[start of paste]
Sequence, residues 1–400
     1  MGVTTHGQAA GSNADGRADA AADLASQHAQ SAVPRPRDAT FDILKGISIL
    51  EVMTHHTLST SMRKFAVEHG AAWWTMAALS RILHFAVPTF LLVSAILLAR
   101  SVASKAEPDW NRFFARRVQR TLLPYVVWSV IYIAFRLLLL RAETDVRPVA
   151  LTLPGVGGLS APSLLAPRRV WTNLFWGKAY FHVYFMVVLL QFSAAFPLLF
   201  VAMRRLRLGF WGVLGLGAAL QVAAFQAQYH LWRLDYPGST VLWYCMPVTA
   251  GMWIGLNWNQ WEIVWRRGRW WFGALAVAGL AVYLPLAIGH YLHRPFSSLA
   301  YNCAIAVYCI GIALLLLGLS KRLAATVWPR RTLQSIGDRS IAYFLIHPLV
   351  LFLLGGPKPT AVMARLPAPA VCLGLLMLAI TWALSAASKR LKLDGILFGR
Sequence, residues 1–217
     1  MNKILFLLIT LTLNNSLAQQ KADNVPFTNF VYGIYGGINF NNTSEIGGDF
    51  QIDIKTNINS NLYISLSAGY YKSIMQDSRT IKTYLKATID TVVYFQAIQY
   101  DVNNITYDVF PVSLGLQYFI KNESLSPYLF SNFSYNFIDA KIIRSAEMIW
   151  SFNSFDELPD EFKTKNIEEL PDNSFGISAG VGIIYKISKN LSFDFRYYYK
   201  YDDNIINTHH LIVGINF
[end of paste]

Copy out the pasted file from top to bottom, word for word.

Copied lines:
Sequence, residues 1–400
     1  MGVTTHGQAA GSNADGRADA AADLASQHAQ SAVPRPRDAT FDILKGISIL
    51  EVMTHHTLST SMRKFAVEHG AAWWTMAALS RILHFAVPTF LLVSAILLAR
   101  SVASKAEPDW NRFFARRVQR TLLPYVVWSV IYIAFRLLLL RAETDVRPVA
   151  LTLPGVGGLS APSLLAPRRV WTNLFWGKAY FHVYFMVVLL QFSAAFPLLF
   201  VAMRRLRLGF WGVLGLGAAL QVAAFQAQYH LWRLDYPGST VLWYCMPVTA
   251  GMWIGLNWNQ WEIVWRRGRW WFGALAVAGL AVYLPLAIGH YLHRPFSSLA
   301  YNCAIAVYCI GIALLLLGLS KRLAATVWPR RTLQSIGDRS IAYFLIHPLV
   351  LFLLGGPKPT AVMARLPAPA VCLGLLMLAI TWALSAASKR LKLDGILFGR
Sequence, residues 1–217
     1  MNKILFLLIT LTLNNSLAQQ KADNVPFTNF VYGIYGGINF NNTSEIGGDF
    51  QIDIKTNINS NLYISLSAGY YKSIMQDSRT IKTYLKATID TVVYFQAIQY
   101  DVNNITYDVF PVSLGLQYFI KNESLSPYLF SNFSYNFIDA KIIRSAEMIW
   151  SFNSFDELPD EFKTKNIEEL PDNSFGISAG VGIIYKISKN LSFDFRYYYK
   201  YDDNIINTHH LIVGINF